I might be a month late, but I think it is time to celebrate the October revolution. No, not the Russian one, but Wednesday 10 October 2007.
That was the day Radiohead released In Rainbows, an album not only available as a download, but - wait for it - the buyers decide how much they pay!
Yep, for as little as one penny you can get yourself an album by one of Britain's biggest bands. Thom Yorke, the band's lead singer, told a journalist, "We're not part of this big empire - it's trying to get away from that because it's the death of anything creative." But I wonder just how noble the band's aims are.
A week after the album went on sale the band's spokesperson announced, "Most people are deciding on a normal retail price, with very few people trying to buy it for a penny." In fact, the average price paid on the Radiohead website was £7.
The Wall Street Journal argued that, with manufacturing, distribution and marketing costs largely removed, Radiohead should be able to sell In Rainbows for as little as $3.40 (around £1.70). That means they are making, on average, £5.30 per download.
The clincher for me is that Oasis are releasing their next single as a download only. They have never done anything purely for the sake of art; it has always been about the Benjamins for them. But you should decide.
What about the record companies? Well one thing is for sure, the optional pricing policy has left them looking nervously over their shoulders. One senior A&R executive told NME, "This feels like yet another death knell. If the best band in the world doesn't want a part of us, I'm not sure what's left for this business."
The music industry claimed, in 2001, that for every CD album sold, one copy was burned. At least half of all blank CD-R sales were for the purpose of copying music - only a small fraction of which were authorised by rights holders.
So is this the end of Sony BMG and EMI? Sadly, no, don't forget we have heard this guff before. Remember when the same corporations claimed that cassette tapes were destroying music? They never did. In fact major record company profits in Britain grew during the boom in home taping.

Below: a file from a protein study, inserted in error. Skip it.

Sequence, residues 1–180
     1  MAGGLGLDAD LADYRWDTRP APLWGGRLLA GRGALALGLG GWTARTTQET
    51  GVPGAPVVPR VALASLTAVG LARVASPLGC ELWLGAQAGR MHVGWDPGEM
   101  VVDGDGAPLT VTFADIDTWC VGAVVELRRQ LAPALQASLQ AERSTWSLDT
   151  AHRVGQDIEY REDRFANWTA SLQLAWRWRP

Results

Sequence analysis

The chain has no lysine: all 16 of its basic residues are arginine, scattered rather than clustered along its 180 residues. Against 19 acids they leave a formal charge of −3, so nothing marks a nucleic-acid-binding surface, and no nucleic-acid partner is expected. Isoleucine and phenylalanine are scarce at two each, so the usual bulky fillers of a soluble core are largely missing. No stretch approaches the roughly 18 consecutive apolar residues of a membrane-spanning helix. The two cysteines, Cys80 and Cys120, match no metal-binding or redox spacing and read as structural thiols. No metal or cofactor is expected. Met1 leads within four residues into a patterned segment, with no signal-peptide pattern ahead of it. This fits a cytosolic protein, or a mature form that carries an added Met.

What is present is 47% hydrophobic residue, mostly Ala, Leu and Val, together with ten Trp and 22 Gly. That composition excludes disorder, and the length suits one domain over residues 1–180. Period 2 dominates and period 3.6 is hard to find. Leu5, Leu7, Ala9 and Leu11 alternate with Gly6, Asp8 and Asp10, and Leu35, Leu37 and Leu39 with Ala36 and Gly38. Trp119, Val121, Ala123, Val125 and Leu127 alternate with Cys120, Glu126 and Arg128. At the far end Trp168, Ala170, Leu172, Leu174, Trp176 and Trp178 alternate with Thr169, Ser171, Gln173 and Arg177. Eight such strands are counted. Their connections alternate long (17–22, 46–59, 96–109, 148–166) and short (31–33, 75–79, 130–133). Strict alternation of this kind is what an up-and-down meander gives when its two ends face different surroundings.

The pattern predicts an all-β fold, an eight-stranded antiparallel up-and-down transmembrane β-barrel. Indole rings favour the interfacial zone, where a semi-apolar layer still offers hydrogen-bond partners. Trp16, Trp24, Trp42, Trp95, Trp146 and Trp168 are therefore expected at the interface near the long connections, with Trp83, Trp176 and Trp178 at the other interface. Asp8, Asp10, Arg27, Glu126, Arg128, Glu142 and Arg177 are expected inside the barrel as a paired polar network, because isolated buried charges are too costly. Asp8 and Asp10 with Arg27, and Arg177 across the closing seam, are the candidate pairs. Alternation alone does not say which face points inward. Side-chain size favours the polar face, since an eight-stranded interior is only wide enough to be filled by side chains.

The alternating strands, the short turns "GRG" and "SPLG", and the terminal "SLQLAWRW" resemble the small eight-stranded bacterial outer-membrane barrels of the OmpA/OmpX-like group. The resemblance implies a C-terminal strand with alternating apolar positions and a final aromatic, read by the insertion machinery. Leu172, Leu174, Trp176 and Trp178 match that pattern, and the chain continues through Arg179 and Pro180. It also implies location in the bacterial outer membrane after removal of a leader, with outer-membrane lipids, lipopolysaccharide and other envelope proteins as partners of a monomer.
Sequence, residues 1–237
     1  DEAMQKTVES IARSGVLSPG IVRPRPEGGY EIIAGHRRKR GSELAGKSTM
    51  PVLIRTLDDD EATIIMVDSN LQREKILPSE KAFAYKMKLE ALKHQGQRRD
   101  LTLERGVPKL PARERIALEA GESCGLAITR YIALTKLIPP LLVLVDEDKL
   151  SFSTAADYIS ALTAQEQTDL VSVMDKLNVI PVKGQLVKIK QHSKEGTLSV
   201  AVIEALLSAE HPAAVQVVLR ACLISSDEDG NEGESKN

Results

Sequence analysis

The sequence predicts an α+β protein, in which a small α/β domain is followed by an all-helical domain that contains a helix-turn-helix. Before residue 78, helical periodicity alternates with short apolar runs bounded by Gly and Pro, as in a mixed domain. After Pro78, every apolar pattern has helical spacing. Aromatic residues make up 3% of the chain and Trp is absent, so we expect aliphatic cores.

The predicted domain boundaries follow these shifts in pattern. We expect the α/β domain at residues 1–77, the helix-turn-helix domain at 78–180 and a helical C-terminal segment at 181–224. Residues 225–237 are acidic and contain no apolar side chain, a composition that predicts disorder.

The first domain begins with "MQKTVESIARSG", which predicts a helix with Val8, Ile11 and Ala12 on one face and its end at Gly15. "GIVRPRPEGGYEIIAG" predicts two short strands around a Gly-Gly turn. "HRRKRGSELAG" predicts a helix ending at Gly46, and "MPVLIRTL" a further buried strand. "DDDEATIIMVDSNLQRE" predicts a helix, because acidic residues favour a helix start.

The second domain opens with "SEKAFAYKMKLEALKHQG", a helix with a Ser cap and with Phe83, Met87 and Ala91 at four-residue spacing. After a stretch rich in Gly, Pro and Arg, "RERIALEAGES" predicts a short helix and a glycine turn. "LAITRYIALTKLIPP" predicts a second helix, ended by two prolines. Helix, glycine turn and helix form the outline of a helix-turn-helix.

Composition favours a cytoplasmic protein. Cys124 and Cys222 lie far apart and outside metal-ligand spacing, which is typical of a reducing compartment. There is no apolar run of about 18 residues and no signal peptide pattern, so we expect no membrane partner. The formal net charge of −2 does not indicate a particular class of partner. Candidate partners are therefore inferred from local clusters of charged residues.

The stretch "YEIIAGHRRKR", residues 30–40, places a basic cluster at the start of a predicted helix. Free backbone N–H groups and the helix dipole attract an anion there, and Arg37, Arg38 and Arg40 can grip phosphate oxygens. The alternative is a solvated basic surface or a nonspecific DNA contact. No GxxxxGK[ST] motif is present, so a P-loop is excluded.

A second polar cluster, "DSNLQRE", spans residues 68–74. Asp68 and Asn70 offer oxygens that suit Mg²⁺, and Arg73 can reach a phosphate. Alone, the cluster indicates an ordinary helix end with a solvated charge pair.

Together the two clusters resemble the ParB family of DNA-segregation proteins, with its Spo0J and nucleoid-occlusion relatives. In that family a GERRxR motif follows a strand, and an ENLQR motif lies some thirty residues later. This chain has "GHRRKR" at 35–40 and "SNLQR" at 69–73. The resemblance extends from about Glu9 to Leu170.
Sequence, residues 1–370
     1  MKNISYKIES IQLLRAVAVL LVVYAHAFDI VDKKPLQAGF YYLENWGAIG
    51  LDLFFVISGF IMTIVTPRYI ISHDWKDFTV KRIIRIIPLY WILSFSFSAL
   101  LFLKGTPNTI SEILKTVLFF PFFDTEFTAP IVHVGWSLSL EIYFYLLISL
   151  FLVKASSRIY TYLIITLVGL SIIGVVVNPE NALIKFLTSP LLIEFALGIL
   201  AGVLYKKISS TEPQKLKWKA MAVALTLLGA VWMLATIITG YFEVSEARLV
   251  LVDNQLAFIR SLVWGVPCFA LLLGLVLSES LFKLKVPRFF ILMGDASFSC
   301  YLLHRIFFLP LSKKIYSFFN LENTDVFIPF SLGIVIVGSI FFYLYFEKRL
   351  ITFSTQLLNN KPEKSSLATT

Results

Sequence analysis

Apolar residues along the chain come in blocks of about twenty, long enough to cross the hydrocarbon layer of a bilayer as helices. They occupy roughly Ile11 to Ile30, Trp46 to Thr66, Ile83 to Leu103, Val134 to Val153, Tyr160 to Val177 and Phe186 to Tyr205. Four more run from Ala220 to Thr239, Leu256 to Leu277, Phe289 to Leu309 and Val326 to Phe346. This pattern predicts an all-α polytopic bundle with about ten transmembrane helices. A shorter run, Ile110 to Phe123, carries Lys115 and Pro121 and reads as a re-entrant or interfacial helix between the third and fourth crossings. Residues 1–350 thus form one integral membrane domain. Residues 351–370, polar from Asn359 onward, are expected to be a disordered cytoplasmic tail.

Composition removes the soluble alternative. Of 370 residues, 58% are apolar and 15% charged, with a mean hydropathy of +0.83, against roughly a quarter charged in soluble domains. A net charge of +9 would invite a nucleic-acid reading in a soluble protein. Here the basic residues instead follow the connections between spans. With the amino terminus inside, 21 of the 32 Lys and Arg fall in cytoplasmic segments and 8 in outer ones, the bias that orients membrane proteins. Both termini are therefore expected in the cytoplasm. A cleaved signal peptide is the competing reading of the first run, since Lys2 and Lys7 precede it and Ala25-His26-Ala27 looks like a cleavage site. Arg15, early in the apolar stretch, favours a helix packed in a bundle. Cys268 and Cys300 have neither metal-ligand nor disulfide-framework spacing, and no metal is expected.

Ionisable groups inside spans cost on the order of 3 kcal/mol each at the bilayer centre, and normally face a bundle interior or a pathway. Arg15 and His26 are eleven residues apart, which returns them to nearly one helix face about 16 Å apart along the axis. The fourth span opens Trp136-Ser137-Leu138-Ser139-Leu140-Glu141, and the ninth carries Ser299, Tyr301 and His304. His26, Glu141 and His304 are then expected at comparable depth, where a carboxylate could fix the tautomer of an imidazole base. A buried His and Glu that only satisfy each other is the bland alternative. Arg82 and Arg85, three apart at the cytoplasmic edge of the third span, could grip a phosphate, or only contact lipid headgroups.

All serious studies of the impact downloading has on music show no negative impact on record company profits. In fact, many studies show that it helps sales.
Researchers at Harvard University and the University of North Carolina tracked music downloads over 17 weeks in 2002, matching data on file transfers with actual market performance of the songs and albums being downloaded. Even high levels of file-swapping seemed to translate into an effect on album sales that was "statistically indistinguishable from zero", they wrote.
"We find that file-sharing has only had a limited effect on record sales," the study's authors wrote. "While downloads occur on a vast scale, most users are likely individuals who would not have bought the album even in the absence of file-sharing." A recent BBC1 news report describes how giving away a few songs can radically increase CD sales.
Today there are loads of legal download sites - iTunes being the most famous. The BBC predicts that the download format will more than double the value of the music industry from £25 billion to £62 billion over the next three years. Downloading and music file-swapping have given massive exposure to a few new bands and has helped the careers of bands like the Arctic Monkeys and the Libertines, but this is nothing new - mixtapes played the same role in the past.
This has always been the case with popular culture: new developments that come from the initiatives and talents of ordinary people get appropriated by the corporations.
So over the past ten years major record companies have been fighting a battle to gain control of the download market. It is a battle they think they are winning. They broke the back of Napster and they have shut down many other sites offering free downloads. One Sony BMG executive gloated, "Our profits are up... we have got the level of illegal downloads down to a manageable level."
The giant record corporations also see the growth of legal download sites as a chance to cash in on their back catalogues. Format change is good for profit. The switch from vinyl to CD forced millions of people to buy the same product again but on another format.
So are we witnessing a musical revolution? Yes, in that there's a new way of people buying music, but no, if you want to see an explosion of artists taking control of their art.